Former Parliamentary and Legal Minister Mohamed Mahsoub - Facebook
Egypt's resigned Mohamed Mahsoub, Minister of Legal and Parliamentary Affairs, explains his resignation on Thursday does not reflect a personal conflict with Prime Minister Hisham Qandil or a change of heart within the former's moderate Islamist Al-Wasat Party, supporting the newly approved constitution.
"My resignation was not in protest over Prime Minister Hisham Qandil as a person, whom I respect. It was, however, due to differences in points of view about how affairs should be handled to reunite the nation after the ratification of the constitution," Mahsoub said on his personal Twitter account Friday afternoon.
Vice president of the party said on Thursday that the resignation of Mahsoub, the only Wasat representative in Hisham Qandil’s Cabinet, is a sign of the party’s protest against the president’s decision to keep Qandil as prime minister.
Mahsoub also added on Friday, "My resignation also does not reflect any changes of stance in Al-Wasat Party, who has supported the legitimacy of the constitution produced by the Egyptian people."
Mahsoub has explained in his resignation letter to President Morsi that he realised many of the policies adopted by the government “contradict” his personal beliefs and “do not reflect the aspirations of the people after the revolution or the sacrifices they made for it to succeed.”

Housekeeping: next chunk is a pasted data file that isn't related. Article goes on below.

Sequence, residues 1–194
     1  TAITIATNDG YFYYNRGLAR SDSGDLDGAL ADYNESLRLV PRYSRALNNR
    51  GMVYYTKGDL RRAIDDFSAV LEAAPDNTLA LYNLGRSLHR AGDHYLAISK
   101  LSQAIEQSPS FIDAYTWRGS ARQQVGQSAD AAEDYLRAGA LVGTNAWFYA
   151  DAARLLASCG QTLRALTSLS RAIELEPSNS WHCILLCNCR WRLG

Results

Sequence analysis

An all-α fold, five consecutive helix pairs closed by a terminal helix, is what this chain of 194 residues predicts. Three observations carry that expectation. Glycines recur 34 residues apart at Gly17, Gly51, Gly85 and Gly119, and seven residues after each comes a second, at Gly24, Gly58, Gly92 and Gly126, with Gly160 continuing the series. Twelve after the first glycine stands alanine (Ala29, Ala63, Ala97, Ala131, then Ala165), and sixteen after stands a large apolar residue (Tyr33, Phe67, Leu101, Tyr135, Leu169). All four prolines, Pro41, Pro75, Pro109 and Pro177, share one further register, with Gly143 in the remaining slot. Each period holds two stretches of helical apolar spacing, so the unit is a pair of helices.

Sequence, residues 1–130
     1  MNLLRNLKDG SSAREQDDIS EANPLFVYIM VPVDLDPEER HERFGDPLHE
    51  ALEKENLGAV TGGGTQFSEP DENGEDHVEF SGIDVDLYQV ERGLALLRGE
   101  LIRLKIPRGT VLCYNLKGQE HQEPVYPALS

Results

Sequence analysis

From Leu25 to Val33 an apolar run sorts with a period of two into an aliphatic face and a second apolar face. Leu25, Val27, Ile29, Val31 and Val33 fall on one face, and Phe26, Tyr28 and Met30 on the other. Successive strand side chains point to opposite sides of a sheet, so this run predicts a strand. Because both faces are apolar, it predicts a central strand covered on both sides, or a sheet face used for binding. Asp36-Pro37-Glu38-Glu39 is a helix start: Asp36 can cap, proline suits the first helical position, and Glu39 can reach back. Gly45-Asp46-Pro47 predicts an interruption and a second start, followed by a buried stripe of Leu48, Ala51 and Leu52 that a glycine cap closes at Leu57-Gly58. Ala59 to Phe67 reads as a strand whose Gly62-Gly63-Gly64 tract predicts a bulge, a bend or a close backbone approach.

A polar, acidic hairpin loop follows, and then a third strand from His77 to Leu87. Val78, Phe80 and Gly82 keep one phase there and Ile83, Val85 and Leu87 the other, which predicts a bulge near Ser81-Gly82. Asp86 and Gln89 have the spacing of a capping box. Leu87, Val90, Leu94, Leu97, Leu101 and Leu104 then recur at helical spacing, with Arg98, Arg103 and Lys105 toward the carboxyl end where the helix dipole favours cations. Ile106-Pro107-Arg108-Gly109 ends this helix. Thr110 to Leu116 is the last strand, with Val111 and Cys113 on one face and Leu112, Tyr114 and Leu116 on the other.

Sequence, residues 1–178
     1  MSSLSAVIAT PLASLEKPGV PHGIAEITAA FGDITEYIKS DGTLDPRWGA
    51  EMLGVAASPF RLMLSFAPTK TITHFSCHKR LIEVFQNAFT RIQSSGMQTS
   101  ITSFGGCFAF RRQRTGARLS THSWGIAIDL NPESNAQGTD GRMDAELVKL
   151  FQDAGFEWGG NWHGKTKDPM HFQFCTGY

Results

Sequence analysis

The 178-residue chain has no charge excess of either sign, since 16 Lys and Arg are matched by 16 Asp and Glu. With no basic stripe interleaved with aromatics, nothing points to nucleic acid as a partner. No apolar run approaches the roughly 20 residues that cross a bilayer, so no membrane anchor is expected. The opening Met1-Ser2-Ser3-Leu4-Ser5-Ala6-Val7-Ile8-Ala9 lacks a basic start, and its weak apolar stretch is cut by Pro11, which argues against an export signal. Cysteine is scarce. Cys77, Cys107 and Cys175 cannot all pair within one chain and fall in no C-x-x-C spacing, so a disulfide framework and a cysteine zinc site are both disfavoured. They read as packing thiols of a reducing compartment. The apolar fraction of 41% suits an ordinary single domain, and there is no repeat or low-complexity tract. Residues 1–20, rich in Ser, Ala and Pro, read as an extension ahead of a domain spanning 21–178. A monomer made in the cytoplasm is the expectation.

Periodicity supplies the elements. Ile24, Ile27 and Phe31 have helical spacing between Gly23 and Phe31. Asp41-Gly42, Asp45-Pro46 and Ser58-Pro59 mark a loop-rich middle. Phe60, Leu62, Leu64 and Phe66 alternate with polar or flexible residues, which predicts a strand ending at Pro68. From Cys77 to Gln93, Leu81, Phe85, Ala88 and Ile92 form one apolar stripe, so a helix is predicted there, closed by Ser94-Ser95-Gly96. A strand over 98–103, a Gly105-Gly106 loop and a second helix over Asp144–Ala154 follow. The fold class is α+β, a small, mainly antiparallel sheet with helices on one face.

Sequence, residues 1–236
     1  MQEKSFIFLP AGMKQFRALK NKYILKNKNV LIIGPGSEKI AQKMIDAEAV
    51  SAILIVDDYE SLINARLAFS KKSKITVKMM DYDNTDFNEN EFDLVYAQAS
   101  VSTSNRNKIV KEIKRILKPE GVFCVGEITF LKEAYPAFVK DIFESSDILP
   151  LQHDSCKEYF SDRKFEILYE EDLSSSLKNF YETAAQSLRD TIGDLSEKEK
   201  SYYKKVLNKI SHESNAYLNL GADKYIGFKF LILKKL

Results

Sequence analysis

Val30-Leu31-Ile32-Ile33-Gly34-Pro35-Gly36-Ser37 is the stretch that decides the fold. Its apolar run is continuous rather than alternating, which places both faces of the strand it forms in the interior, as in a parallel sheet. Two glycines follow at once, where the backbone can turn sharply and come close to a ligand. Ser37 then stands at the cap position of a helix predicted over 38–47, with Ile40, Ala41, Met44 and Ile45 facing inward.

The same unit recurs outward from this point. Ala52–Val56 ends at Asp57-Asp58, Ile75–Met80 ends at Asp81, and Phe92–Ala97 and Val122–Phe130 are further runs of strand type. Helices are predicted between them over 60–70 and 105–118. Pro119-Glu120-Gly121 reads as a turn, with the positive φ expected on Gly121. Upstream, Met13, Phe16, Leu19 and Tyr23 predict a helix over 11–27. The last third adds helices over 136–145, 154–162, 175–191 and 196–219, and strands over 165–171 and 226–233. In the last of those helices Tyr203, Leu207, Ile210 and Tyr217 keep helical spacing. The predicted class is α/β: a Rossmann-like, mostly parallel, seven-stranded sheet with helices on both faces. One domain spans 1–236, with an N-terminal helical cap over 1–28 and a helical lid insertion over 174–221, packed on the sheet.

Also, Mahsoub, who was a member of the constituent assembly that drafted Egypt’s newly approved constitution, slammed the government for not dealing with the file of returning the country’s stolen money seriously, although he had submitted a full report three months ago.
He is the second minister to resign publicly in the last few days. The Minister of Communications and Information Technology Hani Mahmoud also announced his resignation on Twitter on Tuesday.
Informed sources told Ahram Online that the new cabinet reshuffle announced by President Morsi in his speech on Wednesday night will include 10 portfolios, together with the Ministry of Justice headed by reformist Judge Ahmed Mekki, who is believed to have submitted his resignation a few weeks ago.